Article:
THE BUSINESS OF SCIENCE FICTION
Mike Resnick & Barry Malzberg
Reviewed by Steven H Silver
If you have any interest in the business of writing science fiction (or fantasy), the names Mike Resnick and Barry Malzberg should mean something to you. Malzberg received the inaugural John W. Campbell Memorial Award for his novel Beyond Apollo and his written novels (and non-fiction) which looks at the culture which has grown up around science fiction. Resnick has five Hugo Awards and has worked as a writer and editor in the field for many years. The Business of Science Fiction collects dialogues the two of them have published in the SFWA Bulletin over the past decade in which they look at a variety of aspects of the science fiction publishing industry from (sometimes very) disparate viewpoints.
The book, which does not include all of these dialogues, is divided into three parts: Writing & Selling, The Business, and The Field. In some cases, the division of essays into these categories seems a little random, but that isn't of great importance. Each of these sections contains several essays written at some point during the last decade, although the original publication information is not included. Resnick and Malzberg, however, have culled appropriate articles from the series which are still applicable to the state of publishing in 2010.
Both Malzberg and Resnick allow their personalities to come through in their writing, which is entertaining and informal. In the discussion of conventions, Resnick is clearly in his element greeting the fans, while Malzberg is just as clearly happy to avoid them, as he states, "I've managed to find five or ten minutes of [fun] at every convention I've attended." Resnick uses his experiences at conventions in other essays, such as his discussion of beginning writers who didn't consider that there might be an alternative to self-publishing.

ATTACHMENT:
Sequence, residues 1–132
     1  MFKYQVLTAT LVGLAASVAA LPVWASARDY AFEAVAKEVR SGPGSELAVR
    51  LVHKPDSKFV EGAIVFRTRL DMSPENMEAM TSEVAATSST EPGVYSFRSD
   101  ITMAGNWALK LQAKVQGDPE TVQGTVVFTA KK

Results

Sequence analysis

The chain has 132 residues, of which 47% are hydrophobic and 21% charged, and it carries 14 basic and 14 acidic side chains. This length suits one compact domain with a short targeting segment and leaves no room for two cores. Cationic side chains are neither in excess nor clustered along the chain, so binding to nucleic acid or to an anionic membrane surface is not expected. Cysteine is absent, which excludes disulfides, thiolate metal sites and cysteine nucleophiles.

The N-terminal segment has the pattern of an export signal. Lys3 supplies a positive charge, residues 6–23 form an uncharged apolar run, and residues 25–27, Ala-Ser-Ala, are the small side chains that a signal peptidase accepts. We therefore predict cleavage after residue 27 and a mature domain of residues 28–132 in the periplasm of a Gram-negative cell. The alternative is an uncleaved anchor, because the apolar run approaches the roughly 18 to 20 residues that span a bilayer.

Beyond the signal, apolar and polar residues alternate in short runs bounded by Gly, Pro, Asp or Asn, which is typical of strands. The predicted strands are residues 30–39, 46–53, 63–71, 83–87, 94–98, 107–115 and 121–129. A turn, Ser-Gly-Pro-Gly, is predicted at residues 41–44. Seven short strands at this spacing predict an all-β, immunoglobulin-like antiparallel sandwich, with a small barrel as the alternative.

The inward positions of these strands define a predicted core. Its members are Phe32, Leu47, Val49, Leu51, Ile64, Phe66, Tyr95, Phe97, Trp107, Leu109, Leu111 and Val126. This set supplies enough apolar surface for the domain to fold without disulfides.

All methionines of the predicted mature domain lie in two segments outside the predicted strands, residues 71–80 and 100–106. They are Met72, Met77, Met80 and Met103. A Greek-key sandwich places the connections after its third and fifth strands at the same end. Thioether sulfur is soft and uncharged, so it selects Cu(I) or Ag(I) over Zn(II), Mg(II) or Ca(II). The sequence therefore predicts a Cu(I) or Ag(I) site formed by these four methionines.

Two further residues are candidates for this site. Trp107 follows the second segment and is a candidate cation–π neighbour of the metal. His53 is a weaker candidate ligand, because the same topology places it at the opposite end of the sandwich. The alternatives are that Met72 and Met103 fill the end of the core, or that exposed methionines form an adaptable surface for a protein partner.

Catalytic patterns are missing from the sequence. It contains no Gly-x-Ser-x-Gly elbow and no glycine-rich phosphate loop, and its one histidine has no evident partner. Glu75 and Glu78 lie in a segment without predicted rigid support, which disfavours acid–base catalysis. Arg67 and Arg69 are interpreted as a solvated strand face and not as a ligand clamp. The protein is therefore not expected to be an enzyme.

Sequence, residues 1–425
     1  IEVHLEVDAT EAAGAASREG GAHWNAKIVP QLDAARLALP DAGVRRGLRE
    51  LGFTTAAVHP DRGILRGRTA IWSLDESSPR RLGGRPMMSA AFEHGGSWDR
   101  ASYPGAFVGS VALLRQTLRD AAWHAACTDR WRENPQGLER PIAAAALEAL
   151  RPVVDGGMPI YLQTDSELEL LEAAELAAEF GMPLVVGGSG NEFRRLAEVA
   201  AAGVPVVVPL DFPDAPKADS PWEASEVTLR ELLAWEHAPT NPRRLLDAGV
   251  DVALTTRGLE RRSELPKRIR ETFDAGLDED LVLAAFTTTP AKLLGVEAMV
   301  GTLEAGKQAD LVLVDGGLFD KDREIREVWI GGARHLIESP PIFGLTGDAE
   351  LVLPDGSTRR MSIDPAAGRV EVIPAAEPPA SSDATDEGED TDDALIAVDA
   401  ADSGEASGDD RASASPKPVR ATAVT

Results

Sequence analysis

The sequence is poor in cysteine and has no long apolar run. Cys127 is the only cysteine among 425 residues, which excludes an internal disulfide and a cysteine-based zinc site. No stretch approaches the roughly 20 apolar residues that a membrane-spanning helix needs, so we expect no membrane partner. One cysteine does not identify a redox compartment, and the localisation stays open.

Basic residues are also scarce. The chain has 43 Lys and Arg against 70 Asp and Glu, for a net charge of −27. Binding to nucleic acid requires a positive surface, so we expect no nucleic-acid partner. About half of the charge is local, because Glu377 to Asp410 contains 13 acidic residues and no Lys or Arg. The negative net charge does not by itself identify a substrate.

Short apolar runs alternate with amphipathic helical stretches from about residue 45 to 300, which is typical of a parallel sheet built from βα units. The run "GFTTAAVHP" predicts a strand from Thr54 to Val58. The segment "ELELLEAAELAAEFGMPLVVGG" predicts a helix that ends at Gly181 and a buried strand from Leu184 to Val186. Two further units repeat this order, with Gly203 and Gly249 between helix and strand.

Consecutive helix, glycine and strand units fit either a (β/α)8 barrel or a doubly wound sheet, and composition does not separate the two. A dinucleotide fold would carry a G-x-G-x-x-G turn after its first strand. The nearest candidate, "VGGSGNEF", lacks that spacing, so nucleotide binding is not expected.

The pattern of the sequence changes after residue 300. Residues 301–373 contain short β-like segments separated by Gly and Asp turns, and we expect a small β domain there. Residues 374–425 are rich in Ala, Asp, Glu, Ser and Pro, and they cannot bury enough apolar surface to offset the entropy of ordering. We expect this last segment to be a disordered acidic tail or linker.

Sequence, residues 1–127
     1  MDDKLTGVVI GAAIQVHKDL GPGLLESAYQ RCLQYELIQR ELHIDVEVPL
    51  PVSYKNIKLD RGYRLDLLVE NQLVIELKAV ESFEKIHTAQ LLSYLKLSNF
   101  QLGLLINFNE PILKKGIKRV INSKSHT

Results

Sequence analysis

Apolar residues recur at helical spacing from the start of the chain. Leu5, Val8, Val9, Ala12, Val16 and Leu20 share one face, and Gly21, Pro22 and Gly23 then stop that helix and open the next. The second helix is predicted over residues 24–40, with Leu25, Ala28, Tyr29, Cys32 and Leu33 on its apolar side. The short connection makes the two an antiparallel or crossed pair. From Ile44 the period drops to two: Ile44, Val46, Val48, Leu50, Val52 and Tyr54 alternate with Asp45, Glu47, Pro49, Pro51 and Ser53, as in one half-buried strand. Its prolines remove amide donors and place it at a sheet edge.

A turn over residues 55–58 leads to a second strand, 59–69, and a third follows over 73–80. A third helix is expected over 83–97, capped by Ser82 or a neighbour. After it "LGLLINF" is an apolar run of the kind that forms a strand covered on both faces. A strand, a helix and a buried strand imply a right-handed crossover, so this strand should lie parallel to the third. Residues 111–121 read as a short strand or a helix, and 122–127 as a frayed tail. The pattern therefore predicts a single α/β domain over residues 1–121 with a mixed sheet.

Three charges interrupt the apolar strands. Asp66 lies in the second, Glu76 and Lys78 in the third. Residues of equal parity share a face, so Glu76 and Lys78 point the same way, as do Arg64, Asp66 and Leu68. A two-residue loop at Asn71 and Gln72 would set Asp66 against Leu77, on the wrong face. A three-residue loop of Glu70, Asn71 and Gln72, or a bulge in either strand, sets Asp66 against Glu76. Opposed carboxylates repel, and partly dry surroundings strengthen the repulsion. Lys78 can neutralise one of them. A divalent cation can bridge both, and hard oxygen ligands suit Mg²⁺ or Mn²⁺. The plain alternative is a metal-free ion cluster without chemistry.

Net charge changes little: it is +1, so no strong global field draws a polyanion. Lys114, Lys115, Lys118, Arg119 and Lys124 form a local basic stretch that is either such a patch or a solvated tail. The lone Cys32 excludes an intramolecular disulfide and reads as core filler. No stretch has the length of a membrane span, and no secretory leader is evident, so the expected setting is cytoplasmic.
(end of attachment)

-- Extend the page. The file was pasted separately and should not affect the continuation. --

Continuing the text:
The two also tackle up-to-the-minute topics, such as e-publishing, the potential death of magazines (and the associated way to break into the field), and the Google Settlement. There individual opinions are sometimes surprising, such as Resnick's comment that the Google agreement "is far more detrimental to your book's future earning power than all the pirate sites in the world." However, when Resnick (or Malzberg) make claims like these, they also provide their rationale, so the reader can decide if the explanation is rational or not. The fact that the two authors don't always agree, demonstrates that in the changing industry, even those with experience can't be sure of how any specific change will play out.
Even when they disagree, which does happen with some frequently, the discussions are informative and allow the reader to have an informed opinion by weighing Resnick's statements and opinions against Malzberg. By the time the reader has read several of these essays, they can form their own opinion of the strengths (and weaknesses) of each of the authors. This dichotomy only drives home the complexity of the industry and highlights the places where the authors agree.
As Resnick and Malzberg note multiple times, the publishing industry is going through numerous changes (and one of the chapters is called "Change"). The advice and image of the industry as presented in The Business of Science Fiction isn't necessarily going to be accurate in a year, or a decade. The authors have done what they could to limit their exposure on that front, but either selecting topics which are relatively timeless, such as how to function in a collaborative situation, or by including the most up-to-date articles. As they continue to write their dialogues for the SFWA Bulletin, it is quite possible that The Business of Science Fiction will see an update, either complete or as necessary, in future editions.
Purchase this book from .